The father-son team Robert and Edward Skidelsky – the former a recent biographer and avid champion of John Maynard Keynes, the latter a professor of philosophy – have written a book that joins the long list of anti-free market tirades available to us from which we can learn just how terrible it is for a society to be populated by men and women who are free to act as they choose, especially in the marketplace. The book, How Much is Enough? Money and the Good Life (Other Press, 2012), holds out nothing novel – one is able to find the theme in most neo-Marxist works such as John Kenneth Galbraith's The Affluent Society, originally published in 1958 but reissued often and most recently, in 1999, by Penguin Books.
Non-coercive paternalism – joining other neologisms such as libertarian paternalism, coined by other critics of the free-market system like law professor Cass Sunstein – is what the authors are calling for in order to curtail the ambition of Americans who want to achieve economic success and financial security. The passage that is for me most philosophically problematic reads as follows: "Economists have no ambition to remake human nature." And they clear this up by noting that economists "take people as they are, not as they should be."
True enough, most economists are realists but they do not fit the description that they take people as they are, only, not as they should be. As economists, of course, they are not in the business of helping to reform people, unlike priests or psychologists. And this is exactly the right way for them to be. But what is most important to note is that people cannot be made good, made to be as they should be, by others. That is exactly the individual person's task. This is what other similarly inclined authors such as Professor Robert P. George, who lays out a similar thesis in his Making Men Moral (Oxford University Press, 1993) and James P. Sterba in his How to Make People Just (Rowman & Littlefield, 1988) overlook. Karl Marx did think human nature could be changed but because history, through various revolutionary, dialectical leaps, will achieve this, not any kind of paternalists.
The fact that bears most directly on all this is that human nature has the potential for everyone to turn out to be good or bad or mediocre. That is just what distinguishes people from other living entities. They are self-made as far as their moral character is concerned. This is a point discovered about them back in ancient Greece when Plato wrote his famous dialogue, Republic, which is by many interpreters understood to be an early warning against political idealism or utopianism. Don't look to politics to improve human beings; look to human beings to do this for themselves.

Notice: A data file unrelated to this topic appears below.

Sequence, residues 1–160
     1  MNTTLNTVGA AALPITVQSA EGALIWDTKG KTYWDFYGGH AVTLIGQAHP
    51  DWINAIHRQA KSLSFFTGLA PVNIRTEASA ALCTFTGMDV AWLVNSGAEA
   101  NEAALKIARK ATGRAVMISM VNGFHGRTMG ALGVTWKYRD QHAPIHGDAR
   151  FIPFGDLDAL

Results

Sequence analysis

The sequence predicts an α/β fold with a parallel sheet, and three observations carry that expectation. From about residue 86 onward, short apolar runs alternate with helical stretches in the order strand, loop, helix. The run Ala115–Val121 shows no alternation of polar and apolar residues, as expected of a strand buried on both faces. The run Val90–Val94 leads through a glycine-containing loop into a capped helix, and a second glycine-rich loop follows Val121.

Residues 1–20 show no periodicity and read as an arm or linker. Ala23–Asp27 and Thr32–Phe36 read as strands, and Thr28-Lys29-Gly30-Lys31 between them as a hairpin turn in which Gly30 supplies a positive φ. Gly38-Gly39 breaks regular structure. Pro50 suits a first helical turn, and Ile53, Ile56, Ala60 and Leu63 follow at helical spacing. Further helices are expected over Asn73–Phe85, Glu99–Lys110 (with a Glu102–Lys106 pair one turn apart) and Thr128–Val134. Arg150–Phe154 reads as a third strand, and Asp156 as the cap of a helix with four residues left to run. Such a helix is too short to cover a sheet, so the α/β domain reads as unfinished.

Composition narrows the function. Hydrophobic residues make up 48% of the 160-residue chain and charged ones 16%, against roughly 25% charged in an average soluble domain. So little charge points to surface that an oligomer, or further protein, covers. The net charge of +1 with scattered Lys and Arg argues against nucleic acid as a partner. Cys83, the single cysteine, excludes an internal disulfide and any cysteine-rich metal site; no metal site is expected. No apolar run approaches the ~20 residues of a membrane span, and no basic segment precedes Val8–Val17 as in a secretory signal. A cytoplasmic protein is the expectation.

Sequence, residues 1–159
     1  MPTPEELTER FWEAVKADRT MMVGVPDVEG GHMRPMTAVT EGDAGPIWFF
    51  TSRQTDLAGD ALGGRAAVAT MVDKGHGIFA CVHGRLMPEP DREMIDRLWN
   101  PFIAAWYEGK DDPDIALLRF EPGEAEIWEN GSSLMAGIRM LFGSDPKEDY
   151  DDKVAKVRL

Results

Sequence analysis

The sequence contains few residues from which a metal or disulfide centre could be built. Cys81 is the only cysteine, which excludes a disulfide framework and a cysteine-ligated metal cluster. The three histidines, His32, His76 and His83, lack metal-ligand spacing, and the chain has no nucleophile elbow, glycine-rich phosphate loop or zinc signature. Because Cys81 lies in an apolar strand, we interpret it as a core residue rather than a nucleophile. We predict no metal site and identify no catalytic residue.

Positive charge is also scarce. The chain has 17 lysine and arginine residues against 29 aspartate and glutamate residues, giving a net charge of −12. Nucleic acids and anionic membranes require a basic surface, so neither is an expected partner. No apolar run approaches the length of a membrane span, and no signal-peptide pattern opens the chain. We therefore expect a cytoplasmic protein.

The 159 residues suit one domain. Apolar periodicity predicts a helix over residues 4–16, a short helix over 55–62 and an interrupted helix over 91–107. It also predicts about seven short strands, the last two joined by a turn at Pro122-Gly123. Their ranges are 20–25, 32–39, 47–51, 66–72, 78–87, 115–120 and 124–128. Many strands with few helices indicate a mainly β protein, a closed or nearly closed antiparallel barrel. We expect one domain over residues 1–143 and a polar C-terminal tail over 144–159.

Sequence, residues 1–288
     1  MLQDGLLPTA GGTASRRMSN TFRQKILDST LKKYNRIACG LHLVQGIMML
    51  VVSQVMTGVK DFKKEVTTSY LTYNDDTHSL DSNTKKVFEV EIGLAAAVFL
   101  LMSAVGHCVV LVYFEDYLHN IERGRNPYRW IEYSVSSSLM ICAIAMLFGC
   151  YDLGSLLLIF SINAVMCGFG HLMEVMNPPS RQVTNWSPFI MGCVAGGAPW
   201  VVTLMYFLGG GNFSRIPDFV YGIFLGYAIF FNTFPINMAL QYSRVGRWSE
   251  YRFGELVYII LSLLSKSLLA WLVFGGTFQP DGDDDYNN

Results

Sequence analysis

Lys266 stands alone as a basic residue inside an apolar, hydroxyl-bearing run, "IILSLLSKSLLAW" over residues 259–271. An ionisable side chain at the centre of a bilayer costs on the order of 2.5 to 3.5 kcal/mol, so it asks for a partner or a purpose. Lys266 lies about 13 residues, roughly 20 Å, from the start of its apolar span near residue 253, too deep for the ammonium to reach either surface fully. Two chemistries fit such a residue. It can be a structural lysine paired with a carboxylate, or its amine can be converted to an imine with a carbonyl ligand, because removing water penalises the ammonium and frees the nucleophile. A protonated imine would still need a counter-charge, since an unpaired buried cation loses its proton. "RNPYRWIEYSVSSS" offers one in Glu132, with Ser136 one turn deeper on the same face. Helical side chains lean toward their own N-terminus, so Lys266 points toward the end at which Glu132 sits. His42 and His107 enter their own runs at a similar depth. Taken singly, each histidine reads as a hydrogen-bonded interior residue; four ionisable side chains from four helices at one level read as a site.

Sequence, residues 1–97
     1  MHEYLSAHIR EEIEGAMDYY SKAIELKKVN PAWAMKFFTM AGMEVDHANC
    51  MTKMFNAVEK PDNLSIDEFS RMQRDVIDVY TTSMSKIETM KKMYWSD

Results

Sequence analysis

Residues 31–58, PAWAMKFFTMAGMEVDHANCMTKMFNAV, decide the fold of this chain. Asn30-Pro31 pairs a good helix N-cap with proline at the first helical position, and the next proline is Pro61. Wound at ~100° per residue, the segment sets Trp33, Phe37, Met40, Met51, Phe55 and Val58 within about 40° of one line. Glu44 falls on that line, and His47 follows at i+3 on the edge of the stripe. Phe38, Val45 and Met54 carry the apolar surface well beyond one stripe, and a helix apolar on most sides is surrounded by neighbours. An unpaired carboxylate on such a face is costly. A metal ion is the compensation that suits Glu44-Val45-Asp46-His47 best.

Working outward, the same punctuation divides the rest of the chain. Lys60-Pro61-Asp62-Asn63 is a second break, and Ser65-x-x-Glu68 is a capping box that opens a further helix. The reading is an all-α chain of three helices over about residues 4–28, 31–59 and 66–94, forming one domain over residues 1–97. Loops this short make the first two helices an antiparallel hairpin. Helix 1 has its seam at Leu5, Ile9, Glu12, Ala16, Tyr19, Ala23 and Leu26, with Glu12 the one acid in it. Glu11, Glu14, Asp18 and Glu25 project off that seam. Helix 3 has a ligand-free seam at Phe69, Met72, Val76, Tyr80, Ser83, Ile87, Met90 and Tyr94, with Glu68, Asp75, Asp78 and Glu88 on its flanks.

Indeed, the point of civilized life is that people must achieve improvements in their lives, including their societies, by way of their vigilance. Paternalism is okay when parents practice it on youngsters who aren't yet fit to govern themselves but once one reaches the age of reason, maturity, then paternalism breeds rebellion, mostly, the opposite of compliance.
Why then won't Skidelsky & Son get it and provide personal advice for self-improvement instead of public policies aimed at changing human nature? Probably it has to do with the widespread inclination of intellectuals to copy technologists who do make changes in the world by manipulating it. But that doesn't work with people, despite what these ambitious social engineers believe, the ones who follow the lead of the late Harvard psychologist B. F. Skinner who promoted behavior modification so as to improve us and society at large but met with no success in his efforts.
Because of all this the hope for non-coercive paternalism is futile. And Stalin and Hitler should have taught us this through their vicious experiments. But sadly, intellectuals are equally resistant to changing unless they become convinced it's worth doing it themselves. Until that day, those of us who know better remain vigilant, which is, after all, the price of liberty!
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